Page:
Gifts for Troops Overseas:
What You Should Know

Want to show your support
with gifts for troops overseas?
Let's review the rules!

Please Note: After you become familiar with some important rules & guidelines, we invite you to visit Gifts for Troops for gift suggestions!

The information provided here is largely specific to the US, and information for Canada is shown below. For our friends from other countries, we suggest that you consult your nation's armed forces and/or postal service websites. These sites may also list government-sponsored or non-profit organizations through which you can send gifts for troops overseas.

From the US, only letters and packages addressed to specific individuals may be sent directly to troops overseas. Packages addressed to "any service member" or similar designations are rejected by the Military Postal Service (APO and FPO addresses).

Understandably, the primary reason is security. But another reason, especially important during the holiday season, is the need to control the volume of military mail so that troops deployed abroad can receive timely delivery of letters and packages from family members.

Gifts for troops overseas and other mail are subject to inspection by customs officials of the destination country. Each country has restrictions that may prohibit certain food, entertainment, or religious items. The USPS advises that in general, parcels should NOT contain:

  • nude, semi-nude, sexual or obscene pictures/items of any sort
  • non-authorized political materials
  • pork or pork by-products
  • bulk quantities of religious materials contrary to the Islamic faith. Items for the personal use of the recipient are permissible (e.g. a Bible or individual religious item)

For restrictions to a specific APO/FPO location, call 1-800-275-8777 or consult your local Post Office. The Military Postal Service toll free number,
1-800-810-6098, is available Monday-Friday, 7:30am – 4:30pm (EST).

Other considerations if you are sending a parcel direct to a specific service member:

  • Remove batteries and wrap separately to prevent your gift turning on in transit. It's best not to send batteries at all, says one official, as a ticking or vibrating parcel on a military plane "immediately puts us in bomb mode."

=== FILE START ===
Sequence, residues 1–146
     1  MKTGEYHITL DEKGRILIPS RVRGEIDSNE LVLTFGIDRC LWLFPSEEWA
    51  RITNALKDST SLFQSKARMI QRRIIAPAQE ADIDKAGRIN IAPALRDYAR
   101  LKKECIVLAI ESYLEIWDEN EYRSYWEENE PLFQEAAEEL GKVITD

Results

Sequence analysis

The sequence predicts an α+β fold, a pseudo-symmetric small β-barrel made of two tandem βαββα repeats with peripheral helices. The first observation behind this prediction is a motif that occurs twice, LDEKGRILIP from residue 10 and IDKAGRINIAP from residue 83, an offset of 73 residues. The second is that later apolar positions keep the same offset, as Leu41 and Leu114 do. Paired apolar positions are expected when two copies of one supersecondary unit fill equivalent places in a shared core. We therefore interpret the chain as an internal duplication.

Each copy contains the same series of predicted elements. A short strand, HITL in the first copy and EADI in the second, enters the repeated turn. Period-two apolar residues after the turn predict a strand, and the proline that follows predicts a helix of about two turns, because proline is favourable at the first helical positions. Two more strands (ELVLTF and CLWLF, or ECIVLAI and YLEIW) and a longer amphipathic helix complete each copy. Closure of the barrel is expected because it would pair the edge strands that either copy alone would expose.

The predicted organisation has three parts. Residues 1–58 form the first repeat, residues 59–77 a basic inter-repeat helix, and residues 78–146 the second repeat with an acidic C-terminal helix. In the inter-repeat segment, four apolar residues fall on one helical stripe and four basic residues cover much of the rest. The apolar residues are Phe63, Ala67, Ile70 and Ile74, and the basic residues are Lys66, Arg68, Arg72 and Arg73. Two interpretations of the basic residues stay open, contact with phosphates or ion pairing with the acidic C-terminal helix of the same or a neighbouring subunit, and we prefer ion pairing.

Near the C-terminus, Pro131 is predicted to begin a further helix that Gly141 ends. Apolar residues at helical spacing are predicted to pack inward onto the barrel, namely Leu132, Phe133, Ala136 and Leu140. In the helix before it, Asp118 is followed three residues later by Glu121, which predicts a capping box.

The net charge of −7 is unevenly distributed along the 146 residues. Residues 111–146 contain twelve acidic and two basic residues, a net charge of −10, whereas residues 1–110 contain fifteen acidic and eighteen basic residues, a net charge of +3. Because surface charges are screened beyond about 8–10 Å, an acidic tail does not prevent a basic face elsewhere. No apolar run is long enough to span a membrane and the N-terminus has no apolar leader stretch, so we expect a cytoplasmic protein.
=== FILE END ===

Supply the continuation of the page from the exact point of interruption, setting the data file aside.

• Destination temperatures may be extreme: the desert typically reaches over 100 degrees Fahrenheit.

  • Enclose a card listing sender and recipient info and contents. Should the package break open, an inventory will assist in retrieving the contents.

  • Select a strong box large enough for plenty of cushioning. Seal opening and reinforce seams with 2" wide packing or paper tape. No cord, string or twine. Shipping a Gift has more tips on packing.

  • Address parcel on one side only, with recipient's info in the lower right. To avoid routing through the host country's mail system, do not include the country or base camp's city in the address.

  • For further information, visit the USPS "FAQ" page about military mail.

If you wish to send gifts for troops but don't know a specific service person, the US Department of Defense website "Support Our Troops" section offers a listing of approved organizations through which you can support our troops overseas.


In Canada, the rules and guidelines are similar to those in the US, but here is one exception:

Parcels containing bundled letters and postcards addressed to "Any Canadian Forces Member" will be accepted, but note that such parcels cannot contain any other enclosures.

Canada's National Defence and the Canadian Forces website also offers an online message board where you can both read the messages and send one of your own.

When sending gifts for troops overseas, addressed to specific individuals, the following items should be strictly avoided:

  • alcohol, beer and wine
  • explosives, radioactive materials or ammunition
  • matches
  • flammable liquids or solids
  • compressed gas
  • propane cigarette lighters
  • corrosive fluids
  • obscene magazines or pictures
  • drugs
  • perishable items

Note that all mail is subject to inspection by the customs officials of the destination country. Avoid sending gifts for troops overseas that might be offensive to any ethnic, cultural, or religious group in the host country.

Detailed shipping information is also presented at the Canadian Forces Mail section of the Canada Post website.

The Canadian Forces Personnel and Family Support Services (CFPFSS) website contains information about donation programs, with details about supporting "any CF member." Individuals wishing to conduct a donation campaign such as OP Santa Claus should coordinate it through the Support Our Troops section of the CFPFSS website in order to comply with logistical and security issues.

Gifts for troops overseas are
a much-appreciated taste of home.
Follow the guidelines for safe and sure delivery!

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Logo photo by Jane M. Sawyer; soldier photo by R. Beaty;
helicpoter photo by Kenn Kisen, all courtesy of